Connect the Dots
Let’s look at retirement and connect the dots...
... a year or $33K a minute is skimmed from our retirements due to loopholes that allow brokers to pitch Us investments that are in their best interest, not ours.
The Department of Labor has proposed a new rule that would require financial advisors to act as fiduciaries and provide advice that is always in our best interest, just like lawyers or doctors are required to do.
The estimated retirement savings for hard working Americans if the Department of Labor is able to implement these new conflict of interest rules.
Wall St and the financial services industry have spent millions on political contributions, lobbying and lawsuits to block these new rules that would better protect our retirement savings.
Sources: New York Times, Market Watch, Save Our Retirement
Let’s look at equal pay and connect the dots...
The amount women get paid for every dollar their male counterparts earn.
… of Americans believe it is extremely important that women earn equal pay for equal work.
The first year the Paycheck Fairness Act, federal legislation to close the gender pay gap, was introduced.
The U.S. Chamber of Commerce and other special interests have lobbied heavily against the Paycheck Fairness Act and killed the bill for nearly a decade.
Sources: National Partnership for Women & Families, National Women's Law Center, Congress.Gov
Let’s look at prescription drug prices and connect the dots...
Big Pharma drug companies deploy their lobbyists and call in their campaign donation chits to win passage of a law prohibiting Medicare officials from negotiating with the industry for fair prices. The law is still in place.
The taxpayer tab for the first ten years of this sweetheart deal.
Total profits of the biggest pharmaceutical companies during that same ten-year period.
Sources: Washington Post, CBO, Health Care for American Now
Let’s look at tax policy and connect the dots...
The number of mega-companies that funded the majority of the U.S. Chamber of Commerce’s operations in 2009 to ensure that the Chamber carries water for big corporations.
The Chamber has spent millions in political contributions and successfully lobbied Congress on tax policy.
Tax liability over the last four years for companies like Prudential, Mattel and General Electric.
How much more in taxes do small business owners have to pay because corporate special interests have created and exploited tax loopholes?
Sources: U.S. Chamber Watch, Open Secrets, Citizens for Tax Justice
Let’s look at recent bank deregulation and connect the dots...
The total amount Wall Street banks and financial interests reported spending on lobbying and campaign contributions in the 2015-2016 election cycle. That's $2.7 million per day.
Number of Goldman Sachs alumni with top posts in the Trump Administration, overseeing our nation's economy.
Congressional Republicans are charging ahead on the financial industry’s top priority, the “Choice Act,” which would eviscerate Wall Street reforms enacted to protect consumers and investors in the wake of the 2008 market crash. The Wall Street crowd is seeing a pretty good return on investment (ROI) for that $2 billion.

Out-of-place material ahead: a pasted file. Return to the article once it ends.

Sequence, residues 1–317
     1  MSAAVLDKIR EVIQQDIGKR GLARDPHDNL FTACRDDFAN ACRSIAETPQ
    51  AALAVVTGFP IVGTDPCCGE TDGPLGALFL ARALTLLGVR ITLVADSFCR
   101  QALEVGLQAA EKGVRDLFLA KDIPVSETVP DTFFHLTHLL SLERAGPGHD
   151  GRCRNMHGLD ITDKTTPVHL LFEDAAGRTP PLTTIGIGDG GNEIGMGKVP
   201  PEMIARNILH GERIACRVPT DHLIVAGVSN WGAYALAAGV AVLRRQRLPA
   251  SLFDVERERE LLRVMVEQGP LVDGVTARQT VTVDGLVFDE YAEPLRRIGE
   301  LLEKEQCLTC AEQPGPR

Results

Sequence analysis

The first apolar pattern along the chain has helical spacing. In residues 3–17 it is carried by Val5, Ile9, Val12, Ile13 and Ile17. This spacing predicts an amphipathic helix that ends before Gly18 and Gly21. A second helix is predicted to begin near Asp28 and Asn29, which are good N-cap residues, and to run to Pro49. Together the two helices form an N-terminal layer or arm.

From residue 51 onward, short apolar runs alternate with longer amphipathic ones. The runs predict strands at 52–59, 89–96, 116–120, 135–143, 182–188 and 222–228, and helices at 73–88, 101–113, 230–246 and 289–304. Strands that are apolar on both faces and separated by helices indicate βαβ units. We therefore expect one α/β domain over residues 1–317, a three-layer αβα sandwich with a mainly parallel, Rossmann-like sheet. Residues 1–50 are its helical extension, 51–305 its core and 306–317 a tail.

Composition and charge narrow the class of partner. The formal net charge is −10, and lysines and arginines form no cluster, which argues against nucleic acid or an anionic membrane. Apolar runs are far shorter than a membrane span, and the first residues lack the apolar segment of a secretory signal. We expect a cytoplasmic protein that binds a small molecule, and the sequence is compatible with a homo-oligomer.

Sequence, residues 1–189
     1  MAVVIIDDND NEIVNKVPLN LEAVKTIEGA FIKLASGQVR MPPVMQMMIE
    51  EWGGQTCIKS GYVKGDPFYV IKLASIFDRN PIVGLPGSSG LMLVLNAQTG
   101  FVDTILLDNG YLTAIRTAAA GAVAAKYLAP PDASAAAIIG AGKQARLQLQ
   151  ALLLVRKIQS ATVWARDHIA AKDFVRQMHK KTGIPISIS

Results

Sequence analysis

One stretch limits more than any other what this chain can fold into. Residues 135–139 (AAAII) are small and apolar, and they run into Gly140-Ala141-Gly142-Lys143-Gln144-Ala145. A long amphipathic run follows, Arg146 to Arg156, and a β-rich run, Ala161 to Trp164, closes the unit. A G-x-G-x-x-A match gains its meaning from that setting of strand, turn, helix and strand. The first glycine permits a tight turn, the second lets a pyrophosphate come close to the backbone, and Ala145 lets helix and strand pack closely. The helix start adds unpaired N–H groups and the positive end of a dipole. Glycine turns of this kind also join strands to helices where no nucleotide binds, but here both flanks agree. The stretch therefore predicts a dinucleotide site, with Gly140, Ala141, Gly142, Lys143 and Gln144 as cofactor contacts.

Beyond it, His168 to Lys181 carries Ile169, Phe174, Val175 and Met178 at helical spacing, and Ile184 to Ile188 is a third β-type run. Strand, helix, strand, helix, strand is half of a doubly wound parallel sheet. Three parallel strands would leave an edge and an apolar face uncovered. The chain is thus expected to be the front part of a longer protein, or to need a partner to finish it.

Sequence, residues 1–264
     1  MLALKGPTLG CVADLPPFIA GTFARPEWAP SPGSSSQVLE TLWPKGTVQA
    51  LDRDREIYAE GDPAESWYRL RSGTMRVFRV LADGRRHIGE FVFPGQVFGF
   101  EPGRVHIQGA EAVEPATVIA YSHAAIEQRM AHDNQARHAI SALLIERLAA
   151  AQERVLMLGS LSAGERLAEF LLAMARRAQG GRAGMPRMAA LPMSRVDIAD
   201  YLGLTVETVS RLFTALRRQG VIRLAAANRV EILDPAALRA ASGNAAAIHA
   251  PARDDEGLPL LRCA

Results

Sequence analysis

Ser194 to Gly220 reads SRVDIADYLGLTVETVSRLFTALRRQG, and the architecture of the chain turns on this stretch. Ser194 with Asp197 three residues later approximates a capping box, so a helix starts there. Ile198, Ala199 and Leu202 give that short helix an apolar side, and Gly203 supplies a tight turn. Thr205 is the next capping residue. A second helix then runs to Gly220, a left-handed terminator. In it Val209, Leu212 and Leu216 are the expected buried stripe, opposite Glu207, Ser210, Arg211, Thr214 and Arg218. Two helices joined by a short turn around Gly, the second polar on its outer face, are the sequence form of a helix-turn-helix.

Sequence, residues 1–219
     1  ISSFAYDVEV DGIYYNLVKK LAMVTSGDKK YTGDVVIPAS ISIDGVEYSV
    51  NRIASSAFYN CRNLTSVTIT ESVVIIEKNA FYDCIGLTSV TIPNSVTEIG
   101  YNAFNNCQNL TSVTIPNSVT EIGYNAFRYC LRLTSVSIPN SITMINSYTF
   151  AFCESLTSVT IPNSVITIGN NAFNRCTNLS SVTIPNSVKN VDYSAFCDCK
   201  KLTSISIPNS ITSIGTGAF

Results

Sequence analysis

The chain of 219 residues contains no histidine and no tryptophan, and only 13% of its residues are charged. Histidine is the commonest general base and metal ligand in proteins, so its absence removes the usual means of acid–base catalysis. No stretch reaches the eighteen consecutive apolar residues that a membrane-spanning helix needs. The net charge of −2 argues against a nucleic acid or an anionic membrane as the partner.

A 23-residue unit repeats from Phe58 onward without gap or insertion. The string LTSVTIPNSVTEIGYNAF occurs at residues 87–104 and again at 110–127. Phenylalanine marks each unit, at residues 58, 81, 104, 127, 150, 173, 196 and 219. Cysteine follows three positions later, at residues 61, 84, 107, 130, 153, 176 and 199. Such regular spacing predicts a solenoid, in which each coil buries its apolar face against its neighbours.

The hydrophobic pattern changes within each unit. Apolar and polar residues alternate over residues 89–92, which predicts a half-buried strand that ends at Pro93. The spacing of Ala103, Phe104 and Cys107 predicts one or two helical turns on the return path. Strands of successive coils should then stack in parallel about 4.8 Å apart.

Sources: The New York Times, Americans for Financial Reform
Let’s build a small donor matching system for funding campaigns. And make it about Us.
We know Government should reward the hard work of everyday citizens, rather than crafting tax loopholes and subsidies that favor big corporations and their CEOs. With Citizen owned elections, we can demand that Congress replace the Wall Street economy with Our Economy.
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Funding campaigns with a small donor matching system is a real solution to make sure that the voices of everyday Americans are heard again in Washington. Add your voice today by joining Us.
The Biggest Issues to Watch in 2021
• Feb 02, 2021
State lawmakers face a terrible hangover of problems from 2020. First and foremost is the pandemic, which is at its worst even as vaccinations are rolled out across the country. Caseloads and death tolls are adding uncertainty to the economy, which in turn is hampering state budgets.
Voting bills, Greene grief, and wage hikes lead the day
• Jan 27, 2021
State lawmakers were gearing up for more disruption at the Capitol from state Rep. David Clark, the Republican who vowed to return after he was ejected from the Georgia House floor Tuesday after refusing to get tested for COVID-19, despite a chamber-wide requirement to get screened for the disease twice a week.
Justice Dept. Ends Stock Trade Inquiry Into Richard Burr Without Charges
• Jan 19, 2021
The Justice Department informed Senator Richard M. Burr, Republican of North Carolina, on Tuesday that it would not pursue insider trading charges against him, quietly ending a monthslong investigation into his dumping of hundreds of thousands of dollars in stock in the turbulent early days of the coronavirus pandemic.
Voices from around the country.
I believe that getting big money out of our politics will positively affect the health of Americans. By getting rid of the chemical industry’s influence we will be able to remove the harmful chemicals and ingredients that are currently allowed in our personal care products and food supply (often unknown to the consumer). As a parent this issue is important to me because of the links between these harmful ingredients and behavioral health issues, chronic health conditions, and cancers.